Mother who suffocated her three young disabled children will not be tried for murder

Mother who suffocated her three young disabled children will not be tried for murder

A mother who suffocated her three young disabled children to death will not go on trial for murder.

Tania Clarence has pleaded guilty to the manslaughter of three-year-old twins, Max and Ben, and their sister Olivia, four, at her £2m family home in New Malden on the grounds of diminished responsibility, the Old Bailey heard.

The Crown Prosecution Service had intended to put Clarence on trial for murder but today (13 Octboer) accepted her plea.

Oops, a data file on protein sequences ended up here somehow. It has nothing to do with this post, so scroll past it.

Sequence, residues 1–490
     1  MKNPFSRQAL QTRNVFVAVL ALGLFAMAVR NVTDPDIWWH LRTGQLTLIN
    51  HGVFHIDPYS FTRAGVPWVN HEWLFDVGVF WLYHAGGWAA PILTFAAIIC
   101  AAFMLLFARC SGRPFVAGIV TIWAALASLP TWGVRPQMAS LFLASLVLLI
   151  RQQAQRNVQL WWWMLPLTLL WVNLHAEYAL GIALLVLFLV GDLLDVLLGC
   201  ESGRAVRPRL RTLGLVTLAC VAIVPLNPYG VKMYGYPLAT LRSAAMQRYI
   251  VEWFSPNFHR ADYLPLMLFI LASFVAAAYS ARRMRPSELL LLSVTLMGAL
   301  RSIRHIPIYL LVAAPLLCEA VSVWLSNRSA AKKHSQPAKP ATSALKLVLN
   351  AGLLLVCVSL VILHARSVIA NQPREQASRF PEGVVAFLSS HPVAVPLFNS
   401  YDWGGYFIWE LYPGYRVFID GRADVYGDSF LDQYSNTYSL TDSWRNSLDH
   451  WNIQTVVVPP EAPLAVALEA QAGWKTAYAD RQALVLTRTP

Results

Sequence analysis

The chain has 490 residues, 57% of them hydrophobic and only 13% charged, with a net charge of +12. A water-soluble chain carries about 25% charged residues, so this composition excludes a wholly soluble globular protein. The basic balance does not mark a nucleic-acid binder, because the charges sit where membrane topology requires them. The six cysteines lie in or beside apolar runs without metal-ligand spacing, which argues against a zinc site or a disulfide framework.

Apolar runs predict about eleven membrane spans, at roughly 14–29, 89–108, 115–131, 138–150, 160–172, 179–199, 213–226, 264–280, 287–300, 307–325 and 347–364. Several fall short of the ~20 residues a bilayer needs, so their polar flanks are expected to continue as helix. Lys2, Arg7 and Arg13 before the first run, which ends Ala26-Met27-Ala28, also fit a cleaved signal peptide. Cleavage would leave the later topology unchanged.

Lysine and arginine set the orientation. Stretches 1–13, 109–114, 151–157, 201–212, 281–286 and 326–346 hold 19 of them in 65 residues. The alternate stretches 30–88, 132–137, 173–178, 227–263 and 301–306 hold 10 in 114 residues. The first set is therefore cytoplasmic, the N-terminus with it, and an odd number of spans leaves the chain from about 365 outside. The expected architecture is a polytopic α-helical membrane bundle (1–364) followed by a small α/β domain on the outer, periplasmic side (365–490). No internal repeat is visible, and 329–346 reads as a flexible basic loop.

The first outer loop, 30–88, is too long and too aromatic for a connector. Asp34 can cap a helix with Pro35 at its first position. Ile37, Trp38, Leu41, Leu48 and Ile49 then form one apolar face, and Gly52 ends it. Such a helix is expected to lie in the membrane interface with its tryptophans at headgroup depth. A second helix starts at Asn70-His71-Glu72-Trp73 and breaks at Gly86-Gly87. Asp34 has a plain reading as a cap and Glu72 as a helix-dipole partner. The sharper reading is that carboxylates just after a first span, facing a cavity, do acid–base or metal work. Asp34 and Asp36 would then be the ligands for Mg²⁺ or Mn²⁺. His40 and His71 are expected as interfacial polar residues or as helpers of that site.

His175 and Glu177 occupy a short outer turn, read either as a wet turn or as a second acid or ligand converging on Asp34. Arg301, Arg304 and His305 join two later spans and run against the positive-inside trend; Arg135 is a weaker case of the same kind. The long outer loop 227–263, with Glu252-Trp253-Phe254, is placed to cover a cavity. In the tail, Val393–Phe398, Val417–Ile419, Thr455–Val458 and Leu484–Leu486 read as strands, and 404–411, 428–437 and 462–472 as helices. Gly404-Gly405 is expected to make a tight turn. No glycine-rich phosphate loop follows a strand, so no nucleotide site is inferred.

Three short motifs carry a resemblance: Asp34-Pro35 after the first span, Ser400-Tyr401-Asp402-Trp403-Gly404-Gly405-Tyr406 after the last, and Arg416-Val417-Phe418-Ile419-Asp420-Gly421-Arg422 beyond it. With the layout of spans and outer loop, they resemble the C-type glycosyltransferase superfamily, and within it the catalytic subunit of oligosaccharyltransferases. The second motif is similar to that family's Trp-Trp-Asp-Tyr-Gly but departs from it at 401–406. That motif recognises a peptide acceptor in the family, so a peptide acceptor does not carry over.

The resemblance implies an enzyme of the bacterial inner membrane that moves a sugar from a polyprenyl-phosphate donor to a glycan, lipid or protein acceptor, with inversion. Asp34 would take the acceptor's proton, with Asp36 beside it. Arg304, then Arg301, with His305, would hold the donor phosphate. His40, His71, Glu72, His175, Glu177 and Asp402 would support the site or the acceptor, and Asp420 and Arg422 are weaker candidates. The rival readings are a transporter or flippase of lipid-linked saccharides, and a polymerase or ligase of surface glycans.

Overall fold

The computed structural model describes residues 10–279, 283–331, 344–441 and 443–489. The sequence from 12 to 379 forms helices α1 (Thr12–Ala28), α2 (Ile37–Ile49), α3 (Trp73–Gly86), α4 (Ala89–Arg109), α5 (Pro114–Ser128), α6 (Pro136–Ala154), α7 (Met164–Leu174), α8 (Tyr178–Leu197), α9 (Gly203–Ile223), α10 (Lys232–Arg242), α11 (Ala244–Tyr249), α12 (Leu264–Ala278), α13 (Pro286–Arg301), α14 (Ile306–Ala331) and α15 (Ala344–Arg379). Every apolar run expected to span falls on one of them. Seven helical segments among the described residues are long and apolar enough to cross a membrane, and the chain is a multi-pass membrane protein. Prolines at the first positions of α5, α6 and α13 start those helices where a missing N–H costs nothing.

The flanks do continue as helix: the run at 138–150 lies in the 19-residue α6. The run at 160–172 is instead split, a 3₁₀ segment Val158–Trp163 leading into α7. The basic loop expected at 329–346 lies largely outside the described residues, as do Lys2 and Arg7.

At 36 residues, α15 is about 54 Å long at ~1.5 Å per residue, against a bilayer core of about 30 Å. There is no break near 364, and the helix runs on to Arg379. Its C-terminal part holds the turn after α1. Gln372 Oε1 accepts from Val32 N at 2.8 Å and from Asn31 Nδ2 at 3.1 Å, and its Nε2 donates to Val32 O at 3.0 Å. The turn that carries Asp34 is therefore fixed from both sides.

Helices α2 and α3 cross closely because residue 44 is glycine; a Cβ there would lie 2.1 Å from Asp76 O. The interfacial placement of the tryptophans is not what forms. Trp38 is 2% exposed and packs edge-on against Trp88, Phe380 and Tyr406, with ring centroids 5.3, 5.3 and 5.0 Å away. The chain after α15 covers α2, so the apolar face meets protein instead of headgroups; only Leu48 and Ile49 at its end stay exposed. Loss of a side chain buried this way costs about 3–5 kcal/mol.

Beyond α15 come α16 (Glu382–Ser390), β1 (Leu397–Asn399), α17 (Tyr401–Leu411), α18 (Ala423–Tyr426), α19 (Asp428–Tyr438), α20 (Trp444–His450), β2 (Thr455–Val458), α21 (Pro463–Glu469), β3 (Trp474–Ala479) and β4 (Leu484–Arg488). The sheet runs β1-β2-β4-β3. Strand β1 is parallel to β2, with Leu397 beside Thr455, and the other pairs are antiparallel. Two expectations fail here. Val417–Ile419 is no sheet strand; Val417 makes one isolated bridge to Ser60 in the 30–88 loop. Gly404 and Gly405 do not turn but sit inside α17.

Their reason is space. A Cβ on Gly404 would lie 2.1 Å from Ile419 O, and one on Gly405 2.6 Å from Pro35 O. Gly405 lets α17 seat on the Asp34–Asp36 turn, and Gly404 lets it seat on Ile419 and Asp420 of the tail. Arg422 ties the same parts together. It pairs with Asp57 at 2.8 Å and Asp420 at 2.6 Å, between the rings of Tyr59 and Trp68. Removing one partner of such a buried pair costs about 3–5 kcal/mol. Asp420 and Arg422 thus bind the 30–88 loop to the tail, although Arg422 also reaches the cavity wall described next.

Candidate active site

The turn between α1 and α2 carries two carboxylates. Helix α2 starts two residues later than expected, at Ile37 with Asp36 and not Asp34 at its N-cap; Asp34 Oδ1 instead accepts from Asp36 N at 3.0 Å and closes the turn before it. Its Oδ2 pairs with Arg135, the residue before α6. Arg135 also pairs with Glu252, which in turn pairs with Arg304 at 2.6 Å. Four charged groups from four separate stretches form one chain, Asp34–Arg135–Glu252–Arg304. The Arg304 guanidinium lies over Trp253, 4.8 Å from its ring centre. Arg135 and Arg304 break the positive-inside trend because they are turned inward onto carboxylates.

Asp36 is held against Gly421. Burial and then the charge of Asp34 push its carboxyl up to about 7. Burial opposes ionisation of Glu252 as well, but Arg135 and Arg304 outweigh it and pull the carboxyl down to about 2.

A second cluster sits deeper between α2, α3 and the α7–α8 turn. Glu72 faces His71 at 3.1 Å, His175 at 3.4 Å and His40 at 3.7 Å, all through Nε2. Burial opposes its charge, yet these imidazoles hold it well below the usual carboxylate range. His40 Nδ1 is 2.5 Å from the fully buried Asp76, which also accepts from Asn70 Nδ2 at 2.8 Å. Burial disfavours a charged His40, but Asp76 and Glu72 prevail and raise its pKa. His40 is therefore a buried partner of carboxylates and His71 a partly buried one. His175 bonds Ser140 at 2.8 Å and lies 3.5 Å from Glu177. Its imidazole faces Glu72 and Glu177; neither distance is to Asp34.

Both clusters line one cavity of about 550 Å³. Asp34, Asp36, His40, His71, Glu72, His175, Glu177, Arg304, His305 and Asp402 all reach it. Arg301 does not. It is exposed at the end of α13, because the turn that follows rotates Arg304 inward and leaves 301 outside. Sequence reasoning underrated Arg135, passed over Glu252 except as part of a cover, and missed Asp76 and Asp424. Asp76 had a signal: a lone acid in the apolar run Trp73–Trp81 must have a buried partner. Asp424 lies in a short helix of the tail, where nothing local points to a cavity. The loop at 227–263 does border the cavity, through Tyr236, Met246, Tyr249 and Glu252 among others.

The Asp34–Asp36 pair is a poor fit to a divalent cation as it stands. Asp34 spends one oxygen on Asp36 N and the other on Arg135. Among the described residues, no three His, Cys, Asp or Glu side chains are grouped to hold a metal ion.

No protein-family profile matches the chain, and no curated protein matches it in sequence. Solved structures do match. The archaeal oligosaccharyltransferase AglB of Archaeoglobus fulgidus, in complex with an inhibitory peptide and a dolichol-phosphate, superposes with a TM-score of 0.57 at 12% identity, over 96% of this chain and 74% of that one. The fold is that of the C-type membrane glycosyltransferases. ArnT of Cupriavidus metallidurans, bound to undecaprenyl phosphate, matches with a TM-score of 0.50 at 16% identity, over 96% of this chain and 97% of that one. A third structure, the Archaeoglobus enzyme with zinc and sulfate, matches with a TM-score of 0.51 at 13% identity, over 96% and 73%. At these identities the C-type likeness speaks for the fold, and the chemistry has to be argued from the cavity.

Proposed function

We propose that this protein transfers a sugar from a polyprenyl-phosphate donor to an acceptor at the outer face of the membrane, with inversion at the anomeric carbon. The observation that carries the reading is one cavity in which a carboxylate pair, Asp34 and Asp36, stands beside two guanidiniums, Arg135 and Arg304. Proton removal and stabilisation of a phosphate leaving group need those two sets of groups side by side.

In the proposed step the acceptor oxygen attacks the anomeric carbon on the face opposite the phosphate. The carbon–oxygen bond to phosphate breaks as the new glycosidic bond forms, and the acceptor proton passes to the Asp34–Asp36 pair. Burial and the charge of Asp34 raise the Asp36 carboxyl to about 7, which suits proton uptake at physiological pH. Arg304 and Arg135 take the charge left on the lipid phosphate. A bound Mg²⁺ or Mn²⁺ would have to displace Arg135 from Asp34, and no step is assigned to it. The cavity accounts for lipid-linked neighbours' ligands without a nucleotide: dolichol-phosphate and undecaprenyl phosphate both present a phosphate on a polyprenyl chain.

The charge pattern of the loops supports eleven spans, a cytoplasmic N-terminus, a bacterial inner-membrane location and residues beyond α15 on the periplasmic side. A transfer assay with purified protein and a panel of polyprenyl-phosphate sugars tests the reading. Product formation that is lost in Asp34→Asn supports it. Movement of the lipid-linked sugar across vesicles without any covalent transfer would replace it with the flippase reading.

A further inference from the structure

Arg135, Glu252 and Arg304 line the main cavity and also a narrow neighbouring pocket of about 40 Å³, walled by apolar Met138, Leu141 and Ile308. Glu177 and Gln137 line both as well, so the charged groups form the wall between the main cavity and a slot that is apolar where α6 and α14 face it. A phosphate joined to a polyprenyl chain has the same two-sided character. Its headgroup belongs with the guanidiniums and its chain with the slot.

The children, who all suffered from Type 2 Spinal Muscular Atrophy (SMA) which affects mobility, were found dead at their home by their nanny on 22 April, 2014.

Her husband, an investment banker, was away at the time of the killings, visiting relatives in South Africa.

Prosecutor Zoe Johnson QC said: “It is clear on the evidence Mrs Clarence killed her three children because she wanted to end their suffering and at the time she committed the act she could not see any alternative or any other way out of their joint suffering.”

Clarence, who did not appear in court, was treated for cuts at St George’s Hospital in Tooting, south London, and charged on 24 April.

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